- Obama really does lose almost 60% of the independent voters in November and
- Democrats turn out in numbers similar to 2008 and
- Republican turnout remains at 2008 levels,
then the most Obama can hope for is to win by a squeaker. Another way to put that is that the election would be a tossup and I will be waiting for returns at four in the morning.
The trouble for the Obama campaign is that only the first of those possibilities is likely. Does anyone think that Democrats will be as enthusiastic about Obama this time around as they were last time? All the evidence suggests that Republicans are more energized than ever. Rasmussen, as Cost notes, has a sterling record when it comes to predicting the partisan turnout in Presidential elections. Rasmussen has the Republicans enjoying a consistent advantage in party identification.
I don't make predictions very often. My Election Shaman does, but he isn't ready yet. He does direct us toward Cost, who concludes this way:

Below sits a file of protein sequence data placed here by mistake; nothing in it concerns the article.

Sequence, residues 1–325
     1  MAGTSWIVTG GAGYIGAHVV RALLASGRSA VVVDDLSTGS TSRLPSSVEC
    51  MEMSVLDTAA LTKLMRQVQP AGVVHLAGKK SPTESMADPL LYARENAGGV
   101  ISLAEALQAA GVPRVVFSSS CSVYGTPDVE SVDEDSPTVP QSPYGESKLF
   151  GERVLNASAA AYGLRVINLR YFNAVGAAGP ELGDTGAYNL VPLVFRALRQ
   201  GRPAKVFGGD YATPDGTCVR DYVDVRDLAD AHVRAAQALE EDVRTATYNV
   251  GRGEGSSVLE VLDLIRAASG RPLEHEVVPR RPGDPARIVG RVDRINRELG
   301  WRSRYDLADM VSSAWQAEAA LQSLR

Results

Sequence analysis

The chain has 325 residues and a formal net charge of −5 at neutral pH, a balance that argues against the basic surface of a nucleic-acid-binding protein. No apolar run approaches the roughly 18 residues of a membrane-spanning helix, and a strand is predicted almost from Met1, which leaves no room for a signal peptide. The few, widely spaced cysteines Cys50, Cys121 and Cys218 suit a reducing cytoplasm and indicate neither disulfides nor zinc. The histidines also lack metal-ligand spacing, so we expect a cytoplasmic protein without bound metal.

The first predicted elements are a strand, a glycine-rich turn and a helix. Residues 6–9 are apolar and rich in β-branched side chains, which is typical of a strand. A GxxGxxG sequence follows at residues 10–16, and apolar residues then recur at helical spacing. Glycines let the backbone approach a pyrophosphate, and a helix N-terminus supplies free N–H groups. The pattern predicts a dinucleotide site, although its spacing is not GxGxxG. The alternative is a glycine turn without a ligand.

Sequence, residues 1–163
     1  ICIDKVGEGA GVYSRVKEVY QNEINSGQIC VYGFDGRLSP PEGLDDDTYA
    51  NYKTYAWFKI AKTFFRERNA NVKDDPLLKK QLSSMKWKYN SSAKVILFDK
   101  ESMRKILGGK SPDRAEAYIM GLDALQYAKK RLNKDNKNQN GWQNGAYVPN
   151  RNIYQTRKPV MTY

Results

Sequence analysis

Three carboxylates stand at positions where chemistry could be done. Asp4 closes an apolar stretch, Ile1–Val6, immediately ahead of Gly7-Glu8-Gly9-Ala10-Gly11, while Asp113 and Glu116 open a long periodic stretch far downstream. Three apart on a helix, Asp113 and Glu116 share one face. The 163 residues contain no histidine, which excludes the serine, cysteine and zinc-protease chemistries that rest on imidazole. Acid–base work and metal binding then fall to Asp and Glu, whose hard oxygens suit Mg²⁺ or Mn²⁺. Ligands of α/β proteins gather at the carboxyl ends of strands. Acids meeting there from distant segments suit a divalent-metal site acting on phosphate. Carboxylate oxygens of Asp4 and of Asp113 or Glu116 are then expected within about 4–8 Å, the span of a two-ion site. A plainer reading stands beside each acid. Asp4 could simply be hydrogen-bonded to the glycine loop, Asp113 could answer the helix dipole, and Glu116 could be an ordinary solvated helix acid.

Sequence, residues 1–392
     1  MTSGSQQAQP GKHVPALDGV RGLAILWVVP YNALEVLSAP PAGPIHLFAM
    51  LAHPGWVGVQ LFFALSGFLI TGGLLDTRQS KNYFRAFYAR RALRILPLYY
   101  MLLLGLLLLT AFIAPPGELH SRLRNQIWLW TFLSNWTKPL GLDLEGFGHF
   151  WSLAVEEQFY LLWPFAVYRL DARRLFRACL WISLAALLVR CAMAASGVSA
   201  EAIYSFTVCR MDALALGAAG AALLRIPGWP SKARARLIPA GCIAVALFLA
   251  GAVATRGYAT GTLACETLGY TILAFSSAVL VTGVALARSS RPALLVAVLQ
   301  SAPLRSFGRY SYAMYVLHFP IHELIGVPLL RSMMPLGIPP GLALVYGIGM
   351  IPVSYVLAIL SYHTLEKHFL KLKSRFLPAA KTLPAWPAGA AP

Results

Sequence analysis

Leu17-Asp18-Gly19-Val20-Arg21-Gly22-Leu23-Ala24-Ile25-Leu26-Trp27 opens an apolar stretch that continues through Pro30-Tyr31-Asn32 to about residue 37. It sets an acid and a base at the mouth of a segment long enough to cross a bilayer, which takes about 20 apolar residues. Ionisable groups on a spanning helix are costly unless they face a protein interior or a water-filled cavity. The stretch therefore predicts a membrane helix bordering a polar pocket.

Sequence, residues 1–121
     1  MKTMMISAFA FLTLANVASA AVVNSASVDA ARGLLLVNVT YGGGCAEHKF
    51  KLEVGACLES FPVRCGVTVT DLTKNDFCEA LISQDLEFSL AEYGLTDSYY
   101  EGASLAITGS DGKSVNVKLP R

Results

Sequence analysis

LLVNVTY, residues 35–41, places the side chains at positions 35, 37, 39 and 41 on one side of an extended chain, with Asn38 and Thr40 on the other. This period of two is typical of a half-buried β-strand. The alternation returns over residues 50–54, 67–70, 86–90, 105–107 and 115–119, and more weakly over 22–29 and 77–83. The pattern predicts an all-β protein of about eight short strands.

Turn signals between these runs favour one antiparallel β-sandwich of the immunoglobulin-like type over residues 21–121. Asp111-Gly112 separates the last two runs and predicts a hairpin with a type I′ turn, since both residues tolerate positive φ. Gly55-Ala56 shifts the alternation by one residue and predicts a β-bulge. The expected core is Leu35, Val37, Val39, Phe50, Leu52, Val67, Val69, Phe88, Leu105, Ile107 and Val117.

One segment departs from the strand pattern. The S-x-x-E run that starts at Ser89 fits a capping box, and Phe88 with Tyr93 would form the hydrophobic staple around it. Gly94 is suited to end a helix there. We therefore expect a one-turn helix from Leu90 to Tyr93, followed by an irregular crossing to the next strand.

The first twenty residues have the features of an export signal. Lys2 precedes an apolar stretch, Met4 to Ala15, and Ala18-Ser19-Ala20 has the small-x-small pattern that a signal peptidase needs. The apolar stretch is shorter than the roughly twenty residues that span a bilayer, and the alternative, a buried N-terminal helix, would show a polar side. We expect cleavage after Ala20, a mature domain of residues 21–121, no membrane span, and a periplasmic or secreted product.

All of this suggests that it is the Republican base vote that is more energized than its Democratic counterpart, at least at the moment. Hence Team Obama's continued efforts to curry favor with the vast array of interests that comprise the core Democratic vote.
If that holds up over the next five months, and independents do not warm up to the president, Obama is going to lose. It won't be a 1980- or 1984-style blowout, but it will look similar to what we saw in 1988 and 2008. That's what happens with a lukewarm party base and broad opposition from independent voters.
If all this is correct, the election is Romney's to lose.